The next stage of development at Carisbrooke was influenced by the threats from France in the 14th century. The structural changes in these years reflect the need for improved defences. The vaulted gateway at the top of the 72 steps which still lead to the keep was added about 1335 and the drum towers helped to strengthen the main entrance to the castle itself. When the French did attack in 1377, it was successfully defended by its Constable, Sir Hugh Tyrrell. At the end of that century, with invasion once again possible, the command of the Island was given to a distinguished soldier, William de Montacute, Earl of Salisbury. As a man of refined tastes he was responsible for one of the castle's chief architectural attractions, the fine building to the south of the great hall. He also added the attractive fire place hall in the haitself and, on the SW buttress of these buildings are his family coat of arms. The Wydeville coat of arms seen on the parapet of the magnificent gatehouse remind us that under Edward IV's brother-in-law, about 1470, the drum towers were raised to their present height and the machicolation introduced.
A new chapter in the history of Carisbrooke opens with the worsening of relations with Spain in the reign of Elizabeth I and the consequent threat from the Armada. The Queen's cousin, Sir George Carey, came into residence at the castle and assumed the title of governor. He first gave considerable attention to domestic improvements. A new kitchen was built under the north wall, the great hall was given two storeys, and officers' quarters were erected on the left hand side, just within the gatehouse. Despite their present ruined condition, it is easy to see this was once a fine Elizabethan building. It was, however, Carey's new defence system which was to have lasting effect on the appearance of Carisbrooke. The bowling green, as we know it today, was enclosed and, beyond the medieval walls, extended defences in depth were introduced, consisting of a stone revetted bank and ditch with five outer bastions or bulwarks. At the corners of the old curtain walls additional stonework gave increased support, particularly at the SE and SW corners where the dates 1601 and 1602 can still be seen. A new outer gateway bearing the letters ER (Elizabeth Regina) and the date 1598 was also introduced. Changes since Tudor times have not been of great significance in the architectural history of the castle. Alterations in Victorian times have been described as 'unwarrantable creations'. Two important developments in the present century, however, both largely through the inspiring influence of Princess Beatrice, have added considerably to the attraction of Carisbrooke. First, the chapel of St Nicholas was rebuilt to commemorate the 250th anniversary of the execution of Charles I with Bernini's bronze bust of the king in the vestibule and, beneath it, his last word `Remember'. There had been two former chapels on this site, one mentioned in Domesday Book and another, which replaced it in 1738, proving a very inadequate substitute. The present beautiful building was opened in 1904.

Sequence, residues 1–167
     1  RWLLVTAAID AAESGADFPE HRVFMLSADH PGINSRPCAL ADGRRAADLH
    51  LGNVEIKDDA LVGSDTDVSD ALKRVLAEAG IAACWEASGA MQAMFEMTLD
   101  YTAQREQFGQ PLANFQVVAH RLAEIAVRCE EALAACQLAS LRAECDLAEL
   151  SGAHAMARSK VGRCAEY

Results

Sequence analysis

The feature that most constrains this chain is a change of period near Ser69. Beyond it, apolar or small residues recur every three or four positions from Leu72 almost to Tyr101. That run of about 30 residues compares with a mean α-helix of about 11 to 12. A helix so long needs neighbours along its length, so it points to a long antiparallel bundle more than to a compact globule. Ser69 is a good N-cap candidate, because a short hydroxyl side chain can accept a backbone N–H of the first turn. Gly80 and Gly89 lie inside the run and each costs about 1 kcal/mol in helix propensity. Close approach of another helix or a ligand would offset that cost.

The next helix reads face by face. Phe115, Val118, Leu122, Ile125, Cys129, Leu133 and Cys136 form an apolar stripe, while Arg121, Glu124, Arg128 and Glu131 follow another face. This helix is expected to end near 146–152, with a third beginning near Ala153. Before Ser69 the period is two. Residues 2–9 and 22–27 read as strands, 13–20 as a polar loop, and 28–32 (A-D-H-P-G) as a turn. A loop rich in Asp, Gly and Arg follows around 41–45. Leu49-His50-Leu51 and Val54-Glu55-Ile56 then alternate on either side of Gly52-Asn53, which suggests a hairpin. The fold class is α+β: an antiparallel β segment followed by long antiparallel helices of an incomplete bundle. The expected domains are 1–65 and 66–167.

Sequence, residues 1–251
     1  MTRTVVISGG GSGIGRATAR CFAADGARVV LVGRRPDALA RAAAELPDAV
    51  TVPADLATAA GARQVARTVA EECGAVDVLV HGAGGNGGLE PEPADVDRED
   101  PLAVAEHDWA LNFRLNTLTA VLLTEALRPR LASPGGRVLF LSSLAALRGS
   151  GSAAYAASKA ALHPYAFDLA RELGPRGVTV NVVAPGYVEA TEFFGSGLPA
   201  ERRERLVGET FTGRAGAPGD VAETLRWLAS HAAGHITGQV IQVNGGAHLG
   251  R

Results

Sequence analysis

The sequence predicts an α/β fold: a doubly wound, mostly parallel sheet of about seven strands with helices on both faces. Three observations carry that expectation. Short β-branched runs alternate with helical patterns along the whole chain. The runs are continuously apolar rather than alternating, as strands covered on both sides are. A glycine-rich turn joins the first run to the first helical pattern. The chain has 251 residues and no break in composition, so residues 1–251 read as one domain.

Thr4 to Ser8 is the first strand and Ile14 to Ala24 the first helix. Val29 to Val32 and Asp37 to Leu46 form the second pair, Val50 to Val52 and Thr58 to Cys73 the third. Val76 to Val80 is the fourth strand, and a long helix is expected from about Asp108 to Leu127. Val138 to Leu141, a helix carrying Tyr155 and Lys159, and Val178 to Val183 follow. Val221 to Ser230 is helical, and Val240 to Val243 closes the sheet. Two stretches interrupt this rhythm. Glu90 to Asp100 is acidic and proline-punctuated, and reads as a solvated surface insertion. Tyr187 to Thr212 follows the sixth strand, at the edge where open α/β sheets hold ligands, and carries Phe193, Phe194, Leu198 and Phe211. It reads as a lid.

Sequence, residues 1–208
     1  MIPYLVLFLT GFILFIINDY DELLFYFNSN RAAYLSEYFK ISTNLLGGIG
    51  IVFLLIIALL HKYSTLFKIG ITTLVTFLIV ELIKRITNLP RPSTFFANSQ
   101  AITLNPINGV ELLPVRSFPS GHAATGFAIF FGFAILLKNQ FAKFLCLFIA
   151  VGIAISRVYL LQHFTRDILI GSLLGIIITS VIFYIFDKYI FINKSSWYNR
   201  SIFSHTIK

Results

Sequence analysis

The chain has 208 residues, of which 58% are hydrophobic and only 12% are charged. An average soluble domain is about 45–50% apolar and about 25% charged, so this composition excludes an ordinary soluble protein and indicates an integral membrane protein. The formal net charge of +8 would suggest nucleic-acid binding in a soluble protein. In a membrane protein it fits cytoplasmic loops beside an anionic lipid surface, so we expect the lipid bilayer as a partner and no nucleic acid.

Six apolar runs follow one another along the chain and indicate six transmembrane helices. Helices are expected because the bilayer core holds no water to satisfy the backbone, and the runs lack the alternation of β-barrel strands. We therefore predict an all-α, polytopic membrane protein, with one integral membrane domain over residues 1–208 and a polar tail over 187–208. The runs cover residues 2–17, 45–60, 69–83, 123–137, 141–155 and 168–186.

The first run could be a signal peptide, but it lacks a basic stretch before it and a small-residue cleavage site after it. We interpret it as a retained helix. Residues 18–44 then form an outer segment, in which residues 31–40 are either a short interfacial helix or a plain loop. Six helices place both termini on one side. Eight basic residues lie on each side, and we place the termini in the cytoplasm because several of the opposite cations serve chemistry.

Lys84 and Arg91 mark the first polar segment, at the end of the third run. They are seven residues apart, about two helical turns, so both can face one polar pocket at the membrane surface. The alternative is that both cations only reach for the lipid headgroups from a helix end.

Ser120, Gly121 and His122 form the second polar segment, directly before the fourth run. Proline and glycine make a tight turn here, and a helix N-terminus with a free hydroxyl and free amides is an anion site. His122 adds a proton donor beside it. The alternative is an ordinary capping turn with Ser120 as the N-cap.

Then, too, the royal family were closely associated with the establishment in the castle of the Island museum. The old rooms over the great gatehouse were restored so that in 1898, Princess Beatrice, the newly appointed governor of the Island, was able to open the museum there. Just over half a century later, permission was given by George V for the old governors' house to house the ever-growing number of museum exhibits and, in this historical building, since April 1951 great progress has been made; under the capable guidance of its curator the Island now has a museum of which it can be proud.
Here, within the castle itself, there is much to remind the visitors of the part the place has played in local and national history. For those who make the effort to go to the top of the Norman keep, or walk round the walls, there is the additional attraction of the wonderful views of so much of the Island which can be obtained from such a central position. Perhaps it was such views that inspired Keats to write:
'A thing of beauty is a joy for ever
Its loveliness increases, it will never
Pass into nothingness'